Neil deGrasse Tyson Takes On the Science of Game of Thrones' Dragons

Noted astrophysicist Neil deGrasse Tyson has taken on the science of dragons from Game of Thrones season 7. The penultimate season of Game of Thrones is behind us, and the wait for the final batch of episodes could be longer than usual. Filming is set to begin before the year's end, but there's been no official word on when the last 6 episodes of the show will air. So while fans await any news regarding the end of the series, HBO and viewers have been taking a look back at this year in Game of Thrones.

Game of Thrones is now on break, but HBO has continued to release behind-the-scenes videos for season 7 (see for example, this video exploring Arya's biggest moments in season 7). Much of the show's action and battle sequences are done practically - though of course, certain elements on Game of Thrones have to be brought to life via digital effects, with the dragons being among the biggest CGI effects featured on the series yet. It's the realism of the dragons in particular that Tyson has taken aim at.

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Tyson took to his Twitter account to offer some critiques and praise for the physics of the dragons in Game of Thrones season 7. Tyson has built a career for himself as a scientist willing to delve into pop culture, and his well-natured feedback comes as no surprise:

Bad Physics in #GameOfThrones: Pulling a dragon out of a lake? Chains need to be straight, and not curve over hill and dale.

— Neil deGrasse Tyson (@neiltyson) September 24, 2017

Good Bio-Physics in #GameOfThrones: The Dragon Wingspans are sensibly large, as their body weight would require for flight.

— Neil deGrasse Tyson (@neiltyson) September 24, 2017

Good Biology in #GameOfThrones: As in #LordOfTheRings, Dragons forfeited their forelimbs to make wings, like birds & bats.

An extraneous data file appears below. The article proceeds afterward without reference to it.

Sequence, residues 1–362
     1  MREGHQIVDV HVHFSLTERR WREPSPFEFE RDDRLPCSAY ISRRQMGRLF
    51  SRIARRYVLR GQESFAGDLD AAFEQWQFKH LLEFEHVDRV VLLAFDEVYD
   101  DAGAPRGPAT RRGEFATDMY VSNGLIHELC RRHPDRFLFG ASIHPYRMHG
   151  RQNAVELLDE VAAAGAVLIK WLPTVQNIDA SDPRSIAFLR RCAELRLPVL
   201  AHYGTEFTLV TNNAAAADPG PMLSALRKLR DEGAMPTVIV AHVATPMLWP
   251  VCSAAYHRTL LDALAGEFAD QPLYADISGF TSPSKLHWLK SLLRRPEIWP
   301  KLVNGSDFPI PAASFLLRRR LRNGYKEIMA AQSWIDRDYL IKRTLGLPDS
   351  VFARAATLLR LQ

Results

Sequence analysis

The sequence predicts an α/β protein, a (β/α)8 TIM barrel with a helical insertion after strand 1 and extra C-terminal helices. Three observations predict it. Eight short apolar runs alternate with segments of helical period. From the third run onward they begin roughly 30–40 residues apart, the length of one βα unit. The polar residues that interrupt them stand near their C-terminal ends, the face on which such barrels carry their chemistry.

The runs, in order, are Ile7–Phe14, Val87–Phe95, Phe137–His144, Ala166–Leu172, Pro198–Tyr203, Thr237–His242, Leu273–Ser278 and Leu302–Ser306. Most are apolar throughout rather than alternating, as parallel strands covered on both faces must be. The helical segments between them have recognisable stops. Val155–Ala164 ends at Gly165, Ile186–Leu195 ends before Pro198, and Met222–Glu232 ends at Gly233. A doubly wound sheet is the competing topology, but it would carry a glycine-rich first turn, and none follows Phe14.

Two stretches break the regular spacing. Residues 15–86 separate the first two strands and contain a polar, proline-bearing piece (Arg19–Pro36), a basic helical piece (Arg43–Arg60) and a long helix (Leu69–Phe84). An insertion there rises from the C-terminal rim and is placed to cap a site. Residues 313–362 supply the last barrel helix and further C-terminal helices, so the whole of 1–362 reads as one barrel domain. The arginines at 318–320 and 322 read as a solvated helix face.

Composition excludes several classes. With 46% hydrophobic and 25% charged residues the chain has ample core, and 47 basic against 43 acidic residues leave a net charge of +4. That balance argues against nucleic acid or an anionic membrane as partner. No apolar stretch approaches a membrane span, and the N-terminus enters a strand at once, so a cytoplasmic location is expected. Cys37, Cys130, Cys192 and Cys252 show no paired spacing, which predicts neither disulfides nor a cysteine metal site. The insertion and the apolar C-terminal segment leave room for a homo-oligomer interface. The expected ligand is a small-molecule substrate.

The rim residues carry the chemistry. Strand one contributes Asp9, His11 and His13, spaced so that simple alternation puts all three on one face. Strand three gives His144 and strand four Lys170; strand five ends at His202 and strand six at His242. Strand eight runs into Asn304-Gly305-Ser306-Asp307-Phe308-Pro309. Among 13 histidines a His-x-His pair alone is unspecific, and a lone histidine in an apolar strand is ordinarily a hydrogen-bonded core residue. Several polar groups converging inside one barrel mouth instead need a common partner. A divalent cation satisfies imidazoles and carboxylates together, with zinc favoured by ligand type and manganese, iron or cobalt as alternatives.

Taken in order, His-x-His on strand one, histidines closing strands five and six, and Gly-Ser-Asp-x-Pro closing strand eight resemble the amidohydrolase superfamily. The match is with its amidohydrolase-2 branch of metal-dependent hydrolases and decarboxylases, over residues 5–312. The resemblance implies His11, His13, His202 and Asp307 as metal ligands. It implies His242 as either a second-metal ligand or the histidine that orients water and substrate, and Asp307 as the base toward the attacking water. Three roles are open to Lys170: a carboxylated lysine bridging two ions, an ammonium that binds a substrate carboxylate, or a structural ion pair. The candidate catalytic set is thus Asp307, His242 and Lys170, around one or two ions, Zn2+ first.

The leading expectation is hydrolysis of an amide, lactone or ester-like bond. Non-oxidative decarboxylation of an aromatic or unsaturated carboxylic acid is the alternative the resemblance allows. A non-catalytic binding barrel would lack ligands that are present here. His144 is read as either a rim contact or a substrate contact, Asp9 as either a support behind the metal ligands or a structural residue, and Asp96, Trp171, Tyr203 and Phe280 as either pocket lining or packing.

— Neil deGrasse Tyson (@neiltyson) September 24, 2017

Intriguing Thermal Physics in #GameOfThrones: BlueDragon breath would be at least a factor of 3X hotter than RedDragon breath

— Neil deGrasse Tyson (@neiltyson) September 24, 2017

Given the noted impossibility of dragons as creatures, it's not surprising that they don't function within the confines of normal physics. Luckily, Tyson ignores that well-worn argument and instead focuses on the physics surrounding some of the dragons this season. He takes special issue with the use of chains to dragon Viserion out of the frozen lake. He does, however, back up the idea that the zombified Viserion's blue flame would easily melt the Wall.

Tyson also gives credit to the wing design of Drogon (and the other dragons) in the series, praising their wingspan and lack of front legs. All told, the tweets are in good fun and show why Tyson has been such a beacon in the pop science community.

Likely, season 8 of Game of Thrones will give Tyson plenty more to parse over. With so many sides heading towards conflict, it's hard to imagine what the end game will be for the show. In fact, HBO is even taking precautionary steps to prevent viewers from learning what happens early. In the meantime, the  proposed spinoffs of the show continue to move along, as the keeper of the show's bible has begun developing yet another prequel/spinoff series to follow Game of Thrones. Hopefully, we'll know more about the spinoffs and the show's final season soon.

NEXT: Game of Thrones to Film Multiple Endings

Game of Thrones season 8 premieres in either 2018 or 2019 on HBO.

Source: Neil deGrasse Tyson

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